Thousands of supporters from across the country have gathered in Rochester, Minnesota, for Donald Trump’s Make America Great Again campaign rally at the Mayo Civic Center, according to reports from FOX47.
Andy Krogstad, who is the managing director of the Mayo Civic Center, gave details of the capacity of the building’s 4,000 seats with the capability for an additional standing room for 1,500 extra people, which based on early returns, still may not be enough.
Hopeful Trump supporters began gathering outside of the arena at 5:30 a.m. on Wednesday morning, ready to camp out in hopes of making it inside the building to hear Trump speak. The first person in line was Randal Thom of Lakefield, Minnesota, who has been to 40 other Trump campaign rallies.
“We have our great president coming in to inspire his base and hopefully, we’ll inspire him back with our enthusiasm that we’ll have for him and show him that we stand for his policies and that we support him fully,” said Thom.
“It’s a lot of fun, you get to meet so many people from around the country and around the state, it’s going to be a love fest and we all become friends,” added Thom. “When I’m here, I like to be the unofficial cheerleader and guide the new people along with what to expect.”
Officials behind the Mayo Civic Center are expecting more campers to line up before the doors open on Thursday evening.
“The campaign has told us that periodically there have been a few hundred people that gather in the morning at venues when the venue begins to be activated for the day,” said Krogstad.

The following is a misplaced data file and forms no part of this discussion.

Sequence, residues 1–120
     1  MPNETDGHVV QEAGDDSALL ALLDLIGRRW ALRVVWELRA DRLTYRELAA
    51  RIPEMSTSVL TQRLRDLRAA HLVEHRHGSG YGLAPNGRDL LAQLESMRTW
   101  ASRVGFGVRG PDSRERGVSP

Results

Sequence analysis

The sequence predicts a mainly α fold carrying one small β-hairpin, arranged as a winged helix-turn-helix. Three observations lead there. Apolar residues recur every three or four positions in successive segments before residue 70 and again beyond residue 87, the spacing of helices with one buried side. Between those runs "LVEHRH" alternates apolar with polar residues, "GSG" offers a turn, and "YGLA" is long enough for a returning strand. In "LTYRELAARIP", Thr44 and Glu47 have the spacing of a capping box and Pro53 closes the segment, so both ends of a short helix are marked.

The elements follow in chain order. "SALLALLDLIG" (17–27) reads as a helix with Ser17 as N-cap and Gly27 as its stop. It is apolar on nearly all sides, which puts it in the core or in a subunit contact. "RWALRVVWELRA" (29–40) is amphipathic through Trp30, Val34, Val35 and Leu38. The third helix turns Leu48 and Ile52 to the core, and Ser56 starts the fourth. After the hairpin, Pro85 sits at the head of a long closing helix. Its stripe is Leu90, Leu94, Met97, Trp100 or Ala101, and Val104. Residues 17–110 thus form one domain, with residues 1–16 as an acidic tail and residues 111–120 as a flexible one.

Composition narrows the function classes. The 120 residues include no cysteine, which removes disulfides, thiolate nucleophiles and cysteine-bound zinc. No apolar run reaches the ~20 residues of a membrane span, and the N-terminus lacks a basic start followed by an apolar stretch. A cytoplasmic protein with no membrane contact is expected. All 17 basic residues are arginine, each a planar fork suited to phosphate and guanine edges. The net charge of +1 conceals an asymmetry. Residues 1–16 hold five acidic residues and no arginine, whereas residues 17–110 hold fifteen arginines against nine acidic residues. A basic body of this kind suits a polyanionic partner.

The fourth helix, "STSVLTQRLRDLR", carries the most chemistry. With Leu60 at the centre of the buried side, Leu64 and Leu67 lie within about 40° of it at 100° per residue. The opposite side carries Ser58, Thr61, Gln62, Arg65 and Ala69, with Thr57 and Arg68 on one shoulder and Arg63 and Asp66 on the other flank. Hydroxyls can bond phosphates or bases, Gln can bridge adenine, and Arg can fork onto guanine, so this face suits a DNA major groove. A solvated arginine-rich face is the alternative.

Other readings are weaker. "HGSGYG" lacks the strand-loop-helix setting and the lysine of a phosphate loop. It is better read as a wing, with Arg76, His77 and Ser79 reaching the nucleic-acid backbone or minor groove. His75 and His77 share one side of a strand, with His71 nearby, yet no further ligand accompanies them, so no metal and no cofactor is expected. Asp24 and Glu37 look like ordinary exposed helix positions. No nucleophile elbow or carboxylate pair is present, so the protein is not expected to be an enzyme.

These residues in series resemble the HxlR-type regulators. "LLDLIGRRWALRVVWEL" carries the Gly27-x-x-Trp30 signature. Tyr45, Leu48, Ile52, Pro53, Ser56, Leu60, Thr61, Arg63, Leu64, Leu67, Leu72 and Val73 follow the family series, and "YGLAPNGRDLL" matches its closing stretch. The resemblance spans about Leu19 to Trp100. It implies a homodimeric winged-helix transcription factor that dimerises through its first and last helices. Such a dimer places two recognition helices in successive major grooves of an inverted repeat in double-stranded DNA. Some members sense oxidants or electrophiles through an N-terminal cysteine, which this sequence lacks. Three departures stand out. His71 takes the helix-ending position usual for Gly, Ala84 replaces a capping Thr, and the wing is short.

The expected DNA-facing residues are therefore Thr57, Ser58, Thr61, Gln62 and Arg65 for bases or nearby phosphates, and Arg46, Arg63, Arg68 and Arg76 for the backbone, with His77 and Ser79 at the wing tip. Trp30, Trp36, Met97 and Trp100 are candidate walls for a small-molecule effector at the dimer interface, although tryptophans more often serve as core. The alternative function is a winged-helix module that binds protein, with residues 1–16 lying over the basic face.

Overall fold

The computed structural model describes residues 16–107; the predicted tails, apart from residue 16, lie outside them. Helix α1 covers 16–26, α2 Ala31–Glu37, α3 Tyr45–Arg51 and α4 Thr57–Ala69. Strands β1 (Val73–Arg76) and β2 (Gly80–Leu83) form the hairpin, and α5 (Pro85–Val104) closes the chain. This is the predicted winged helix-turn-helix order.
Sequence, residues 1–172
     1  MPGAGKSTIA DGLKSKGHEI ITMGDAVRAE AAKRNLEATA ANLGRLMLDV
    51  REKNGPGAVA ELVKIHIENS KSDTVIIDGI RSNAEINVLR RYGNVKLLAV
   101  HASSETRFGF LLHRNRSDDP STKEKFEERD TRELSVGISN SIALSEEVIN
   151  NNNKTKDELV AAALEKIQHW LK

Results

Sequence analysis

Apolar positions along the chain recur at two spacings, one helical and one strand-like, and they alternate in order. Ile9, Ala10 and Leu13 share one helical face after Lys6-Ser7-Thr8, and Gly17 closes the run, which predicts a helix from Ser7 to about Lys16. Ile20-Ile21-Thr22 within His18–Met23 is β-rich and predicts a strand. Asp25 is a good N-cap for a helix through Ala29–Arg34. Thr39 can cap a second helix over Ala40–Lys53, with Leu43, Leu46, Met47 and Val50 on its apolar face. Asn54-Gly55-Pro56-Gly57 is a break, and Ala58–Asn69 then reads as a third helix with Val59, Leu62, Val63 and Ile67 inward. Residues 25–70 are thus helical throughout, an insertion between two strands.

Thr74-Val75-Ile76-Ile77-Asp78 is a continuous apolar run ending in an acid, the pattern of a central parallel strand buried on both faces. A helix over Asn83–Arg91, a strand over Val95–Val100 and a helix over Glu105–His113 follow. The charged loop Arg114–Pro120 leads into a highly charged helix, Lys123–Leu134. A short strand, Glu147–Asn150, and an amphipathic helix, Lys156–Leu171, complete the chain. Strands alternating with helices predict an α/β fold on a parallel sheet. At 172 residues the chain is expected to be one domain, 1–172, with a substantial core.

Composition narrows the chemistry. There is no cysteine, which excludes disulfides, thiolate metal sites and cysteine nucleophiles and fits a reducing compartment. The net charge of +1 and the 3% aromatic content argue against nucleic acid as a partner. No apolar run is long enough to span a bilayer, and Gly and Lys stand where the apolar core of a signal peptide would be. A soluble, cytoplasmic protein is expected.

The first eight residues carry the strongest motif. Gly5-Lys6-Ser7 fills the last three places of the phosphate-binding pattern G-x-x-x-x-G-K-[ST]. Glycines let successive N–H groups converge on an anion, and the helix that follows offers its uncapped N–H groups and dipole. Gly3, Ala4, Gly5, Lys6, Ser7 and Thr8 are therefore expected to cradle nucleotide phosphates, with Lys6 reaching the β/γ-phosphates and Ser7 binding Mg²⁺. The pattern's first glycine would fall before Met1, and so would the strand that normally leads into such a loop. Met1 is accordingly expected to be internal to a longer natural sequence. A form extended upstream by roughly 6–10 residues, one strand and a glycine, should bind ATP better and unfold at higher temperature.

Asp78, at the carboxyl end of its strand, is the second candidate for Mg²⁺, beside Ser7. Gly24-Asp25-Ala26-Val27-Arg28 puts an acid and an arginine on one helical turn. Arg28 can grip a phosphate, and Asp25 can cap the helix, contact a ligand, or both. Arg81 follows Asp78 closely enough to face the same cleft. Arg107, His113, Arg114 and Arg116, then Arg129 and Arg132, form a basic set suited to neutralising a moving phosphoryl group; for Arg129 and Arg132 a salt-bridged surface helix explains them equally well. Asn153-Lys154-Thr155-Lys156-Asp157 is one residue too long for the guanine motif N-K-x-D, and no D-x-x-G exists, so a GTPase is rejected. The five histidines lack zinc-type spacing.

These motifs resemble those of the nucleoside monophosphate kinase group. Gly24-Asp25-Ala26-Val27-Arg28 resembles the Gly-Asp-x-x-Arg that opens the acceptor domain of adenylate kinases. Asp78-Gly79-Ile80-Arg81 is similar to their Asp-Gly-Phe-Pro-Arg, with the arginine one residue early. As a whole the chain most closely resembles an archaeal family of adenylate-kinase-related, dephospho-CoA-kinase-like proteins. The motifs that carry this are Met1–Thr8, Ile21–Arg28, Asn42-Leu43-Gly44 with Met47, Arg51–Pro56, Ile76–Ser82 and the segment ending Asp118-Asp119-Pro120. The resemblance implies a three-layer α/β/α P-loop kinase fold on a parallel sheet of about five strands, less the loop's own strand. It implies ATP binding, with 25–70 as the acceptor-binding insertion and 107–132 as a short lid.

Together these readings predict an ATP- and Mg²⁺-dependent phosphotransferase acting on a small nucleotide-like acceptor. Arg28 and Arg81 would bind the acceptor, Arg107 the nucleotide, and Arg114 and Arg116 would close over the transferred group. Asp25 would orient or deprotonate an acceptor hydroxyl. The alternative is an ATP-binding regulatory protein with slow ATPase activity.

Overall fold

Trump’s choice of Rochester in the traditionally blue Minnesota is telling amid reports of state Republicans who have made efforts to avoid association with the president as they campaign in tight congressional races, according to reports from the Twin Cities Pioneer Press.
The aim of Trump’s visit is in support of two Republican candidates that are running in districts that the GOP believe can be wrestled from Democrat control as Republicans brace for a brutal November that could see them lose control of the House.
Republican Jim Hagedorn is hoping to get a victory in Minnesota’s first district, which Republican-leaning has been represented by Tim Waltz for the past 12 years. After nearly snatching the seat in 2016, Hagedorn believes he has a real chance with Waltz having entered the governor’s race.
The backstory in Minnesota’s eighth district is very much the same, as Republican County Commissioner Pete Stauber is hoping to build on several razor-thin Republican losses to finally break through after the retirement of Democratic Representative Rick Nolan.
Trump last appeared in Minnesota back in June and expects to be a constant presence in the state that he pulled off an upset in during the 2016 presidential election.